Alexander, Thomas, and Chess (1984) conducted a large scale study of infants (NY Longitudinal Study) and came up with three profiles of temperament.
Three Temperament Types
EASY BABIES have a positive disposition; their body functions operate regularly and they are adaptable.
40 % of infants
DIFFICULT BABIES have negative moods and are slow to adapt to new situations; when confronted with a new situation, they tend to withdraw.
10 % of infants
SLOW-TO-WARM-UP BABIES are inactive, showing relatively calm reactions to their environment; their moods are generally negative, and they withdraw from new situations, adapting slowly.
15 % of infants.
The remaining 35 % cannot be consistently categorized.
The Consequences of Temperament: Does Temperament Matter?
Long-term adjustment depends on the GOODNESS OF FIT, the notion that development is dependent on the degree of match between children's temperament and the nature and demands of the environment in which they are being raised.
Temperament is a key determinant is the way parents react to the infant's behavior.
Temperament seems to be at least weakly related to infants’ attachment to their caregivers.
Culture also has a major influence on the consequences of a particular temperament.
Gender: Why Do Boys Wear Blue and Girls Wear Pink?
“Gender” – the sense of being male or female; “gender roles” are prescribed by society.
Ideas about gender produce dissimilar worlds for members of each sex, even during infancy.
Fathers interact more with sons than daughters; mothers more with daughters.
Infants wear different clothes and are given different toys based on gender.
Infants' behavior is interpreted differently depending on gender.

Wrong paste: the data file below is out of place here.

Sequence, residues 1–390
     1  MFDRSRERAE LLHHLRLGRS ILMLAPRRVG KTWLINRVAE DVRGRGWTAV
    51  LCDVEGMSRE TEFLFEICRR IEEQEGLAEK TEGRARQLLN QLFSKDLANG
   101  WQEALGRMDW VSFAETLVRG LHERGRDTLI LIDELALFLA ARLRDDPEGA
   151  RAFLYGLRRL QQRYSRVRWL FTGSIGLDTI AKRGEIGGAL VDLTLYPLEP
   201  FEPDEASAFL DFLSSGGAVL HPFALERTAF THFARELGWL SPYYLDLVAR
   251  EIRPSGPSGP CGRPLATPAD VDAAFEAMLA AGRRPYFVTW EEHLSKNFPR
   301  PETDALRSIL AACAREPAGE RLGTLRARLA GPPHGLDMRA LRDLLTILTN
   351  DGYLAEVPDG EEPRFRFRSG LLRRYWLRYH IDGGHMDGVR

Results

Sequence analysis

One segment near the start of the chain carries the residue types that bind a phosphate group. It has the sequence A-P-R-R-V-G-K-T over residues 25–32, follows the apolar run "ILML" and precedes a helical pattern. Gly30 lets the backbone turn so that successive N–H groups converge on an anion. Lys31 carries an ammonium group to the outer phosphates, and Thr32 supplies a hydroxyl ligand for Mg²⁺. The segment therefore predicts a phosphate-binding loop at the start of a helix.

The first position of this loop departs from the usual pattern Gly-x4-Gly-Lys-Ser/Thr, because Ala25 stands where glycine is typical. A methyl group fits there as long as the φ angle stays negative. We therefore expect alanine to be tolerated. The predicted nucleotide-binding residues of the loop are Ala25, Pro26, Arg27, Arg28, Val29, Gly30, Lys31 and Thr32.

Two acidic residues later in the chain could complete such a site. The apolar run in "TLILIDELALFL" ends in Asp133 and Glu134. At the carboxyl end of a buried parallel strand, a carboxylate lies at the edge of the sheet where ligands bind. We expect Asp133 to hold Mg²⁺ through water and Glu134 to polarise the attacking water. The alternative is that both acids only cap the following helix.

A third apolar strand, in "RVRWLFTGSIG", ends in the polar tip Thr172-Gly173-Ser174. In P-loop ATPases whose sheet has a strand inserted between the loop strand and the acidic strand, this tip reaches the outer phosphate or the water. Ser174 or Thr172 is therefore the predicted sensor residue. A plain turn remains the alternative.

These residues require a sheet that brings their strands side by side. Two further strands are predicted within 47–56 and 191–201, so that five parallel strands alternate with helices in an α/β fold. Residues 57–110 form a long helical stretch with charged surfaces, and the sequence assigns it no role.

Family Life in the 21st Century
27 % of all families are headed by single parents.
65% of African American children live in single parent homes.
37% of Hispanic children.
Every minute, an adolescent gives birth.
One in 6 children live in poverty.
More than half of mothers of infants work outside the home.
Society is adapting to the realities of family life this century (i.e., growing array of child care arrangements).
The Effects of Day Care on Development
Two-thirds of all children between 4 months and 3 years of age spent time in non-parental child care.
More than 80% of infants are cared for by people other than their mothers at some point during their first year of life.
Where Are Children Cared For?
The Effects of Day Care on Development, cont.
A large study by the U.S. National Institute of Child Health & Development found that high-quality child care outside the home produces only MINOR differences from home care, and may even enhance certain aspects of development.
Positive aspects are related to the high quality of the center and the amount of time the infant spends in day care.
More research is needed on who uses day care and how it is used by different segments of society.
Day Care: Assessing Outcomes
Solve problems better
Pay greater attention to others
Use language more effectively
Play well with others
Parents gain skills (i.e., in programs like Head Start)
Benefits of higher income
Lower attachment if childcare setting is low quality or multiple settings
Slower cognitive development (if mothers work more than 30 hours a week during first 9 months of life)